Strange and sudden change in Renfield last night. About eight o’clock he began to get excited and sniff about as a dog does when setting. The attendant was struck by his manner, and knowing my interest in him, encouraged him to talk. He is usually respectful to the attendant and at times servile; but to-night, the man tells me, he was quite haughty. Would not condescend to talk with him at all. All he would say was:—
“I don’t want to talk to you: you don’t count now; the Master is at hand.”
Renfield causes a stir among Seward and his staff. He is no longer interested in his little pet game. He is extremely excited that the master has arrived. The Weird Sisters are also mentioned by him, but the meaning was lost on Seward. Also the fact that the coming bride is poor Lucy.
Later.—Glad I made the resolution; gladder that I kept to it. I had lain tossing about, and had heard the clock strike only twice, when the night-watchman came to me, sent up from the ward, to say that Renfield had escaped. I threw on my clothes and ran down at once; my patient is too dangerous a person to be roaming about. Those ideas of his might work out dangerously with strangers. The attendant was waiting for me. He said he had seen him not ten minutes before, seemingly asleep in his bed, when he had looked through the observation-trap in the door. His attention was called by the sound of the window being wrenched out. He ran back and saw his feet disappear through the window, and had at once sent up for me. He was only in his night-gear, and cannot be far off. The attendant thought it would be more useful to watch where he should go than to follow him, as he might lose sight of him whilst getting out of the building by the door. He is a bulky man, and couldn’t get through the window. I am thin, so, with his aid, I got out, but feet foremost, and, as we were only a few feet above ground, landed unhurt. The attendant told me the patient had gone to the left, and had taken a straight line, so I ran as quickly as I could. As I got through the belt of trees I saw a white figure scale the high wall which separates our grounds from those of the deserted house.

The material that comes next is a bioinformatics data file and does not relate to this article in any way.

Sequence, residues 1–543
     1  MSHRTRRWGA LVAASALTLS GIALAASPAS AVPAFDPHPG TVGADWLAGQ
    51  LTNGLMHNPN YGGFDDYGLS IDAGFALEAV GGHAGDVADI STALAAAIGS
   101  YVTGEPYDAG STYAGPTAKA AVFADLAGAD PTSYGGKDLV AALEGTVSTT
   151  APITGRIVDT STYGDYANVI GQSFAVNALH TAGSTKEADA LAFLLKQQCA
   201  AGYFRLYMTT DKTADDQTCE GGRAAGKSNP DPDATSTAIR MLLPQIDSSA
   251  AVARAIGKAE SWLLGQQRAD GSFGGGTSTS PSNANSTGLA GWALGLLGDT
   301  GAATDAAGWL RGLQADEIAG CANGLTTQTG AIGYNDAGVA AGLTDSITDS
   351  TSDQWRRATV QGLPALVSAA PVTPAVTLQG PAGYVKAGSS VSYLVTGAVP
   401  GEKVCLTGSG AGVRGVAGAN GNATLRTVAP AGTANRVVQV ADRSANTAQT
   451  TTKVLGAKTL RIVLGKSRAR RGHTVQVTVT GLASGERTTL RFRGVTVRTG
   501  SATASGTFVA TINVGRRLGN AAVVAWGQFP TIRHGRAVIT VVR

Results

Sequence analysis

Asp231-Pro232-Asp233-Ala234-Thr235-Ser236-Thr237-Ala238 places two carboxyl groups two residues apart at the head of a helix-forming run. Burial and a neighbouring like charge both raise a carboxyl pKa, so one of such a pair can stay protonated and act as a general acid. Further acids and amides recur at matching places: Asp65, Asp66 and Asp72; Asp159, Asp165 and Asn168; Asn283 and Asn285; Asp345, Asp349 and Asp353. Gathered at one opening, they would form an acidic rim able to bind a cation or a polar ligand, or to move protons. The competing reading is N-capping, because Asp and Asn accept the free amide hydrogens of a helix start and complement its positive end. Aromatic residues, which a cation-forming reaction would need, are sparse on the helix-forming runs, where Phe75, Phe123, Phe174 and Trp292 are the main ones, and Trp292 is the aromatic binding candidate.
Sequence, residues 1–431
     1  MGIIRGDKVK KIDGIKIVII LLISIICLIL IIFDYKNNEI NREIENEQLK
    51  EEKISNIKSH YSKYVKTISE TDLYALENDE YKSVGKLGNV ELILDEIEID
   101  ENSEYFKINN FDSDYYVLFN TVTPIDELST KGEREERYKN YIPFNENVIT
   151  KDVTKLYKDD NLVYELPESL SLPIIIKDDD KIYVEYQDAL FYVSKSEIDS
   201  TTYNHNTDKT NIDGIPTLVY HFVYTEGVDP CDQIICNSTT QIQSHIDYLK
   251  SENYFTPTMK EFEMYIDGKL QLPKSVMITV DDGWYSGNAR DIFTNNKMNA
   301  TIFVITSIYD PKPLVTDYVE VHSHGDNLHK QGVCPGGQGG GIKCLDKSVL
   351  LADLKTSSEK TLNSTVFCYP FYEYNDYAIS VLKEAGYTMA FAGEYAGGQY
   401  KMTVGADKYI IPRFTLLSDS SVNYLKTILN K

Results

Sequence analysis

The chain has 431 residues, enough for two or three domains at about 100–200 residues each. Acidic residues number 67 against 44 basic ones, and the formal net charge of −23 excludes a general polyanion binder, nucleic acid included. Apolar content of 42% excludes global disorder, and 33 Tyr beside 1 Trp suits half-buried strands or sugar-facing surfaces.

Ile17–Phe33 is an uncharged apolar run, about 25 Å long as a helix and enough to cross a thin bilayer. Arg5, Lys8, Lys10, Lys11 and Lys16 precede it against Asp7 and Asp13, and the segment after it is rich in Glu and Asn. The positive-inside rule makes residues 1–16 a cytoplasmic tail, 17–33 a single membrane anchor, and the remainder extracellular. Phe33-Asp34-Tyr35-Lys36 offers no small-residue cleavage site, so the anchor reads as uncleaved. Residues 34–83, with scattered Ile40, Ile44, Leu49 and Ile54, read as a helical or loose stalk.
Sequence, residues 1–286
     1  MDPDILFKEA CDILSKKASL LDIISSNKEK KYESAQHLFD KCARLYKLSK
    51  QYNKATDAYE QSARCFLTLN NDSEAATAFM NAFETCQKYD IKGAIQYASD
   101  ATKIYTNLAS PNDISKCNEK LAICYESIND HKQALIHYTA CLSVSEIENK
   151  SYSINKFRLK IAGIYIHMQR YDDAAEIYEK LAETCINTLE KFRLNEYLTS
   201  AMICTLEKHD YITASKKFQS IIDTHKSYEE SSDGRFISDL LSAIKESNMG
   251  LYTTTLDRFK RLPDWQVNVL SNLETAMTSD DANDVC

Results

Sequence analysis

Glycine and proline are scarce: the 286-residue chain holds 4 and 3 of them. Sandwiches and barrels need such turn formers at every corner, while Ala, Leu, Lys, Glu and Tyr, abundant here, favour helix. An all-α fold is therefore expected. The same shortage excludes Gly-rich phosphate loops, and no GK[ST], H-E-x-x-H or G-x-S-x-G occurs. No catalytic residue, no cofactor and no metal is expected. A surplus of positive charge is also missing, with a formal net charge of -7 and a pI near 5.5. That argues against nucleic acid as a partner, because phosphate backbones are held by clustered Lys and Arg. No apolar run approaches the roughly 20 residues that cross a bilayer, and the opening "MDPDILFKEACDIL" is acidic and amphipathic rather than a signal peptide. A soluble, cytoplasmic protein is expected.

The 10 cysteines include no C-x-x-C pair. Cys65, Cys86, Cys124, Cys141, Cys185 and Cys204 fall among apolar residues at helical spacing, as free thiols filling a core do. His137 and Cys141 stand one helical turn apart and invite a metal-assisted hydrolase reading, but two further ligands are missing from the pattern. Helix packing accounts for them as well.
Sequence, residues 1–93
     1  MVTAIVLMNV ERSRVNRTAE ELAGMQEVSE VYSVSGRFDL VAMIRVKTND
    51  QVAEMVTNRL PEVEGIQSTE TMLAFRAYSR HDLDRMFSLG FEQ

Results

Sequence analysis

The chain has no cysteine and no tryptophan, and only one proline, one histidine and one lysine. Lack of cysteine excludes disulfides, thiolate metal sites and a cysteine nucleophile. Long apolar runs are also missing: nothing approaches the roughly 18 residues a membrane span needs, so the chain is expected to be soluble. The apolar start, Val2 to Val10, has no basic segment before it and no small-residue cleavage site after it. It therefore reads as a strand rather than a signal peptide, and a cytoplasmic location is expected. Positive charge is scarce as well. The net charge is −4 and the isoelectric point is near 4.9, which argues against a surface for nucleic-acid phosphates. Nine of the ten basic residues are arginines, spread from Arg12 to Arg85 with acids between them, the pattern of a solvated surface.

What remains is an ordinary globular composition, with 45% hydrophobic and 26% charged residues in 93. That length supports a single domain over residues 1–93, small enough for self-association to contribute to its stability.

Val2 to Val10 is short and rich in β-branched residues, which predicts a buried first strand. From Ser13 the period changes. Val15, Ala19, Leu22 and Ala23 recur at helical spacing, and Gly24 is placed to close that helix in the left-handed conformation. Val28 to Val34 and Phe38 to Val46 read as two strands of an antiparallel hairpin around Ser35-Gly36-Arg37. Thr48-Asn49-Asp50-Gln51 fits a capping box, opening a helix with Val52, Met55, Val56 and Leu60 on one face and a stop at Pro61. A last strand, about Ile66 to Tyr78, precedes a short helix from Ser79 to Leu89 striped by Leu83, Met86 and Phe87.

Renfield attempts to escape into Dracula's care. However he is stopped by Seward. It takes many men to hold him down and bring him back to the sanatorium. They find him on the grounds of Carfax, screaming for Dracula's help.
Just now he spoke coherent words for the first time:—
“I shall be patient, Master. It is coming—coming—coming!” So I took the hint, and came too. I was too excited to sleep, but this diary has quieted me, and I feel I shall get some sleep to-night.
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